When Jack Kerouac began the marathon writing session that produced “On the Road,” he connected twelve-foot-long hunks of paper end to end so he could feed a continuous stream of paper into his typewriter. What emerged was one of the great works of the countercultural Beat Generation of the 1950s. This October, the original manuscript comes to Columbia College’s Book and Paper Arts Center, where it will serve as the centerpiece of two months of programming. “And the Beats Go On” will include film screenings, performances, exhibitions and a symposium October 10-11 on the Beat Generation.
The symposium’s main organizer is Tony Trigilio, a professor in Columbia’s English Department and an executive board member of the Beat Studies Association, an international scholarly organization. “We wanted to have a conference for scholars who work in the field,” he explains. “That was right when I found out that the Kerouac scroll was going to be here at Columbia.” For many reasons, now seems like a perfect time to look back at the Beats. In the past ten years, according to Trigilio, “There’s been a convergence of new ideas on the Beats, new ways of looking at the Beats.” The stereotype of the Beat writer, what Trigilio calls “the guy in the beret with the bongo drums,” is being challenged by modern scholars. “I didn’t say the woman in the beret,” Trigilio points out. “For years people just assumed that the Beats were all men.” Now poets like Joanne Kyger and Diane Diprima —both of whom will give readings at the symposium—are getting their due. Panels on diversity will also include questions about race, according to Trigilio: “What was going on in beat communities with writers who were people of color, what were they doing, what were their artistic relationships like?” And of course, one entire panel will be devoted to the book at the center of it all. “‘On the Road’ really was able to marry popularity and experimental writing in a way that you don’t usually get in the arts,” says Trigilio. Perhaps that’s why, fifty years later, we’re still talking about it. (Sam Feldman)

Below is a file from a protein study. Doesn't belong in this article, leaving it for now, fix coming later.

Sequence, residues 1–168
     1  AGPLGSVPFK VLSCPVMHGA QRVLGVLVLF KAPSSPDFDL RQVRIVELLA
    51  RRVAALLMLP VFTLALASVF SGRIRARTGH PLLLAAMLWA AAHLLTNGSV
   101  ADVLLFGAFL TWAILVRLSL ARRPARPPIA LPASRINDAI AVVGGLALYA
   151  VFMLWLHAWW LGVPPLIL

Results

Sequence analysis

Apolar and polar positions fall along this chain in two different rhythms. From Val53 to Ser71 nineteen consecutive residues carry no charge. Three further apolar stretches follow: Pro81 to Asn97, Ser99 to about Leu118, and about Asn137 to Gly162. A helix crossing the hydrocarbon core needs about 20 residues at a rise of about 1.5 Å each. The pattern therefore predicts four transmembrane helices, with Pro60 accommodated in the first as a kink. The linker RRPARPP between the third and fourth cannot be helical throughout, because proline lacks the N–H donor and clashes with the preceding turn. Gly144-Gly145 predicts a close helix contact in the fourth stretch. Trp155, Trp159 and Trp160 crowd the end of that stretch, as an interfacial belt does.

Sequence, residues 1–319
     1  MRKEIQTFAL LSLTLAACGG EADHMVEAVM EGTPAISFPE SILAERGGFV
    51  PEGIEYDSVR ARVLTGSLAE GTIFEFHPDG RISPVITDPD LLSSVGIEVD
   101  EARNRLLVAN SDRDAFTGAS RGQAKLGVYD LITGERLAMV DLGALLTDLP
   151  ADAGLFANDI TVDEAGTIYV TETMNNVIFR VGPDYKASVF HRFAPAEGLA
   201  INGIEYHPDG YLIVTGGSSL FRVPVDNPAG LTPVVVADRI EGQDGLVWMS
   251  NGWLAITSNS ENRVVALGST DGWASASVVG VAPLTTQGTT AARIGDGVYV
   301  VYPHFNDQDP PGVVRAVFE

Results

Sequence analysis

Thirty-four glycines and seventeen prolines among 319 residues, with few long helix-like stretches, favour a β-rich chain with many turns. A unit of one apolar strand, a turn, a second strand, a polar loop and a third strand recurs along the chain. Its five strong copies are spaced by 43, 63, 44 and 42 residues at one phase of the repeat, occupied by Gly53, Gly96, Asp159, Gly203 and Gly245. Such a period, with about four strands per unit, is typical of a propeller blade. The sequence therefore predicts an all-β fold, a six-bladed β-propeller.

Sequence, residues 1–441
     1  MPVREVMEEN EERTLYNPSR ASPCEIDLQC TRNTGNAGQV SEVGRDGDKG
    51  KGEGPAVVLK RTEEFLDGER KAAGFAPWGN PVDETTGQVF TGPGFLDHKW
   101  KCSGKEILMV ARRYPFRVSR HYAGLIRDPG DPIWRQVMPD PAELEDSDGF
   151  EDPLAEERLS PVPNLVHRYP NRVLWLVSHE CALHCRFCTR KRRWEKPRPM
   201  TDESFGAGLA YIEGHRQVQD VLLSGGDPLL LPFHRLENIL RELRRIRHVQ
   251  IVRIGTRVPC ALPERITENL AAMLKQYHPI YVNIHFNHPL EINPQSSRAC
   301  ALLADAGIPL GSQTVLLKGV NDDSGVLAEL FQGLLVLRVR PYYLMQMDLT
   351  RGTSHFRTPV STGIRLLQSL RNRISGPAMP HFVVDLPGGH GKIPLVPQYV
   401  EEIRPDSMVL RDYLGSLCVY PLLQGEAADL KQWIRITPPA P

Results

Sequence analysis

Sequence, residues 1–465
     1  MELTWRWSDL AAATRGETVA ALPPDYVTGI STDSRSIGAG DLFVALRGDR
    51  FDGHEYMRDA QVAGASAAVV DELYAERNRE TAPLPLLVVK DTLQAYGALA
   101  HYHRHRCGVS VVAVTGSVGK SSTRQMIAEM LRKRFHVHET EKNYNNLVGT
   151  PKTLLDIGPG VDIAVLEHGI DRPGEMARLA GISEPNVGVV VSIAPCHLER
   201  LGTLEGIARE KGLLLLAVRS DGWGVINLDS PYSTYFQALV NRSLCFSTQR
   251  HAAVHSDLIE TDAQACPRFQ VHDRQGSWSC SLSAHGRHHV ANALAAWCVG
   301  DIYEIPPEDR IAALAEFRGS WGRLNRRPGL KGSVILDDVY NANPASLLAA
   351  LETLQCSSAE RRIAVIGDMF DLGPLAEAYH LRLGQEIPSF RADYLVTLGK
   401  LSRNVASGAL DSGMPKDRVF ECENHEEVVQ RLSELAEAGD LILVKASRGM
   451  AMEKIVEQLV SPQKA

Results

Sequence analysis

“And the Beat Go On,” October 10-11, Columbia College’s Book and Paper Arts Center
“Usually I’m the torturer,” says 16-year-old Kristen Brooks. “This is the first time I’m being tortured.”
March 20, the five-year anniversary of the Iraq War. Brooks, a Mother McAuley High School student, is participating in a protest against waterboarding, the controversial interrogation technique that the Bush administration claims is within the limits of the Geneva conventions, but which many condemn as torture.
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One of the most impressive buildings in Chicago’s recent history was unveiled last week, much to the delight of organizers as well as those in attendance. After witnessing the magnificent façade of the Spertus Institute’s new facility for months, it can now be confirmed that it more than lives up to the expectations set by its challenging exterior. Designed by the highly touted Kreuck + Sexton Architects, the firm which also designed the Crown Fountain at Millennium Park, the ten-story building is not only beautiful but also environmentally friendly, as it is LEED certified. Read the rest of this entry »
Amidst the recent rise in popularity of Mapquest and the overwhelmingly intricate Google Earth, the Field Museum’s simply titled “Maps” sets out to show that maps were once hand-written and delightfully flawed. Historical heavy-hitters like Charles Lindberg’s New York-to-Paris flight chart and J.R.R. Tolkien’s imaginary depiction of Minas Tirith highlight the exhibit, but nearly all the pieces exist within their own subjective realm. Read the rest of this entry »